The palm oil industry is "at the dawn of a new period of expansion" in part thanks to increasing interest from food groups, which are moving into production to ensure supplies of an increasingly important commodity.
A need to grow palm oil production, which is seeing the industry spread geographically from its strongholds in Indonesia and Malaysia, is not just attracting investment from the likes of Agriterra, the farming group which last week revealed it was following plantation giants such as Sime Darby and Wilmar International into West Africa.
Users too are increasingly investing in the sector, so securing supplies of a commodity in increasing demand, with which output has been unable to keep up, Hardman & Co said.
World stocks, as a proportion of consumption, will fall below 8% at the end of next year, for the first time in 40 years, according to Hardman estimates.
"Production of palm oil has become a globally important industry, and globally scaled industrial companies are now beginning to move upstream to acquire the assets of that production," Hardman analyst Doug Hawkins said.
"As the producers begin to look beyond East Asia to West Africa and the Americas for new suitable regions to expand production, another trend is also evident – the move upstream into palm oil production by food manufacturers and commodities trading houses."
He cited the entrance by Indonesian biscuits-to-noodles group Tiga Pilar Sejahtera Food into palm oil plantations two years ago, only to sell a stake in the operation to Bunge, the US oilseeds and crop trading giant, last month.
In September, agribusiness giant Archer Daniels Midland revealed a five-year plan to develop 12,000 hectares of palm plantations in Brazil,
"It would appear that the oil palm sector is at the dawn of a new period of expansion."
However, this growth is also being driven by a greater by countries other than Indonesia and Malaysia – which produce nearly 80% of world production, but where environmental laws are increasingly restricting new developments – of the potential for palm oil.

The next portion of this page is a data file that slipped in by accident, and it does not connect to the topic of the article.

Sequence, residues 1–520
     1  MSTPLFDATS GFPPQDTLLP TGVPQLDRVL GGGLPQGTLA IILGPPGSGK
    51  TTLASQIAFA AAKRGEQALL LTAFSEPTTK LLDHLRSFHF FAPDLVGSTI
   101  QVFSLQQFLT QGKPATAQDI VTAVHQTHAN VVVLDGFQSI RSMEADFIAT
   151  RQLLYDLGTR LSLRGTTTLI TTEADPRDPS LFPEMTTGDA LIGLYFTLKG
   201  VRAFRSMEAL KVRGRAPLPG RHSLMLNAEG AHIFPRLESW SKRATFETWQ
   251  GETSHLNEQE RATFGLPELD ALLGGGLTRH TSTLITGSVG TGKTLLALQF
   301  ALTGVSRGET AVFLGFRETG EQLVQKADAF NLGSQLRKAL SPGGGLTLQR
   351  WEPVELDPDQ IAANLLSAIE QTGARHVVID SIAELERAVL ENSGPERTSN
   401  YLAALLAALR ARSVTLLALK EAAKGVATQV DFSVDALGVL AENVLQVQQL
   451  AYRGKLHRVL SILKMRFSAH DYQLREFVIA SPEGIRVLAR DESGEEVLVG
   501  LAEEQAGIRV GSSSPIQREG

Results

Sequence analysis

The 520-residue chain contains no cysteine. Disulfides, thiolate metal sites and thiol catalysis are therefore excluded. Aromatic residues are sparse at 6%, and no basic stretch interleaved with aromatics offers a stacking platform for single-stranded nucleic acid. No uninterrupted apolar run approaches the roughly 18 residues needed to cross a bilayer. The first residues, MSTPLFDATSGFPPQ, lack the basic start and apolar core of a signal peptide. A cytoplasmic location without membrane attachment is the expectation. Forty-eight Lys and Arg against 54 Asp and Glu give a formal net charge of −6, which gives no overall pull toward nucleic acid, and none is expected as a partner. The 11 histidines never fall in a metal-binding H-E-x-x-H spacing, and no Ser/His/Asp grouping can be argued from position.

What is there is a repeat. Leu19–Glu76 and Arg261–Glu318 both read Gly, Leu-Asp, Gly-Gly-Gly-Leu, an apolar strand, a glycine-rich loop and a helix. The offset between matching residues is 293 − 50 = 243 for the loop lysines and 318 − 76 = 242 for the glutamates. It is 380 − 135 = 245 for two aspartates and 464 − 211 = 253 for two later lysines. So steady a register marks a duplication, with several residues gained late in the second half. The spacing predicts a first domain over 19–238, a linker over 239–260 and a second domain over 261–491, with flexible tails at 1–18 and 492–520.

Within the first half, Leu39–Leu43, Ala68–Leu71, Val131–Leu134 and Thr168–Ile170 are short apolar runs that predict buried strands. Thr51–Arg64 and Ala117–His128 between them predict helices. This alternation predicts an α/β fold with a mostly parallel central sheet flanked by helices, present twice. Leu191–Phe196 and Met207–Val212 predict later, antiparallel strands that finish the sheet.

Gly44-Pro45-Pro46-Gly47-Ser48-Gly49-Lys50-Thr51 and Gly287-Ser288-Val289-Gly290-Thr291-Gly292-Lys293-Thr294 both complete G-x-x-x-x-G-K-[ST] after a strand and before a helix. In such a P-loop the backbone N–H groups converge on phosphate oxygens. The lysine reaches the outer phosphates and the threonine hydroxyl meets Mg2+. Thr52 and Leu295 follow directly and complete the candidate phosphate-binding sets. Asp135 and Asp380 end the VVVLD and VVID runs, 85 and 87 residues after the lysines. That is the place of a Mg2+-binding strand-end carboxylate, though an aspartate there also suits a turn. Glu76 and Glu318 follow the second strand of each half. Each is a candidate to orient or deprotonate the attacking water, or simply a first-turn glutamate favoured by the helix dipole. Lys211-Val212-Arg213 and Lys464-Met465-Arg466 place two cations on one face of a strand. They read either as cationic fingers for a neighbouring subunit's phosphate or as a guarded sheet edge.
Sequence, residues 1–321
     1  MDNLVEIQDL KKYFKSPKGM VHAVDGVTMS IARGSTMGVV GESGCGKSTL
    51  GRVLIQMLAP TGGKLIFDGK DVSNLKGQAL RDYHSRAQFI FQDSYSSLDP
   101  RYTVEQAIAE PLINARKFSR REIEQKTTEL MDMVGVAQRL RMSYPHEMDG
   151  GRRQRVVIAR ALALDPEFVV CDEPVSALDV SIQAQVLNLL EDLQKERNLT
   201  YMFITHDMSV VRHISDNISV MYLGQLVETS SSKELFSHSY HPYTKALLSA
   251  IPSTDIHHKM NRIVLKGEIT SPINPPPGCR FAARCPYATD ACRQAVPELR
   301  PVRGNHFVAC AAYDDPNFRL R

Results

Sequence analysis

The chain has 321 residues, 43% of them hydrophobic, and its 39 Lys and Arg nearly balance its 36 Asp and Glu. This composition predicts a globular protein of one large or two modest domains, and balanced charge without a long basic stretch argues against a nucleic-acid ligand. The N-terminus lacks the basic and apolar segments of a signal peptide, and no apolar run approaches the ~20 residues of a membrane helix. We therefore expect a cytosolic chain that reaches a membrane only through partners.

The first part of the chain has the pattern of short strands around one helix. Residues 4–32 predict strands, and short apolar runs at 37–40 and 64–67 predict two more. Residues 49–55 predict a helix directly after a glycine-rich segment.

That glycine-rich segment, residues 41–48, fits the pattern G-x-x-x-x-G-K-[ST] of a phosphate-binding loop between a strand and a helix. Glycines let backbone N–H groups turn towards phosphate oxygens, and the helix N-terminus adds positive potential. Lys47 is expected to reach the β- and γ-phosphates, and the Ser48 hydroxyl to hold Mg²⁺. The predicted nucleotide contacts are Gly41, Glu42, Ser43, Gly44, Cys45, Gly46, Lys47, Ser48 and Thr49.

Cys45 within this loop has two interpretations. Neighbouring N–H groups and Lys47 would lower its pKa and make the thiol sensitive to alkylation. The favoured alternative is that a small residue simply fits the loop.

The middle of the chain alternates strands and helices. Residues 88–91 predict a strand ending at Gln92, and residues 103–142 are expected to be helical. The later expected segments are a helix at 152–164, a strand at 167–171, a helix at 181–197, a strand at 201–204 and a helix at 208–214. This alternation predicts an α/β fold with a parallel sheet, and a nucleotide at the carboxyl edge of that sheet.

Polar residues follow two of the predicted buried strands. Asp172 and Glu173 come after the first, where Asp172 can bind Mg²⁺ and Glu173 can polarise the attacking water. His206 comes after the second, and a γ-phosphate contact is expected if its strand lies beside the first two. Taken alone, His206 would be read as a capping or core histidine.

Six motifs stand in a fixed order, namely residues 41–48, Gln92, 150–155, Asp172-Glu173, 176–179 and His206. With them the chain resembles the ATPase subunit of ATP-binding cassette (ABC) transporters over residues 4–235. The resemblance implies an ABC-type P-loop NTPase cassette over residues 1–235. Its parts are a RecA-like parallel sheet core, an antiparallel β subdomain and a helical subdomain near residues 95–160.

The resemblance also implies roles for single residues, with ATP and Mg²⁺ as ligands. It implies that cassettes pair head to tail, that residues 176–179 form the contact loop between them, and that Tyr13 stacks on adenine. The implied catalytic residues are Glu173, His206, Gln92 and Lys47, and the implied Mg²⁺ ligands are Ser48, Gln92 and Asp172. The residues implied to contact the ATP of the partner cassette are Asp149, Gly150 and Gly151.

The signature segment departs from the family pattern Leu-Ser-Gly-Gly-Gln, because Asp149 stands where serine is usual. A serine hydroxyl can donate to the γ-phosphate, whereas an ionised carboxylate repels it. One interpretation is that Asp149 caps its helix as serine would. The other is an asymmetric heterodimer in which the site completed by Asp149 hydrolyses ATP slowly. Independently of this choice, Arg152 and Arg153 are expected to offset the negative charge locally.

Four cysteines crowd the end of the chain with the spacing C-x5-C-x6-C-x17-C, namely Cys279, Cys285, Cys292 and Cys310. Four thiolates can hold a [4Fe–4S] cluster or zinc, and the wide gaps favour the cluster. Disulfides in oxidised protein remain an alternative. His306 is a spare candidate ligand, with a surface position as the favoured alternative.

Developing palm oil plantations will be a "critical development path" for West African nations who can use it to "alleviate rural poverty and to support downstream processing and manufacturing industries".
Liberia, which held elections last month, has lured investment from Sime Darby, besides London-listed minnow Equatorial Palm Oil.
"The oil palm sector is of vital importance to Liberia's future," in boosting the economic plans unveiled by President Ellen Johnson-Sirleaf after her re-election for a second term.
'Market needs confirmation'
The comments follow a much-watched palm oil conference in Bali last week at which leading analysts gave mixed views on price prospects.
Dorab Mistry, at Godrej International, restated a forecast of Kuala Lumpur prices hitting 3,300 ringgit a tonne in January, boosted by a prospect of flat Malaysian output combined with demand growth.
"After my speech in China on November, crude palm oil futures did make a dash towards 3,300 ringgit. This was clearly premature and the bad macro situation has pulled them back," he said.
"The market needs to see confirmation of lower production and strong exports in order to make a sustainable move higher. I believe that will happen in December."
However, James Fry, head of LMC International, forecast a depressing effect on prices from crude, whose price is especially vulnerable to world economic setbacks, with every $10 a barrel drop in prices of Brent crude cutting edible oil prices by $70 a tonne.
"With many signs of slowing world trade, this weakness will hit the growth in demand for oils, not only for food, but also for biofuels, as transportation is affected," he said.
Edible oil prices are linked to the energy market through their use in making biodiesel.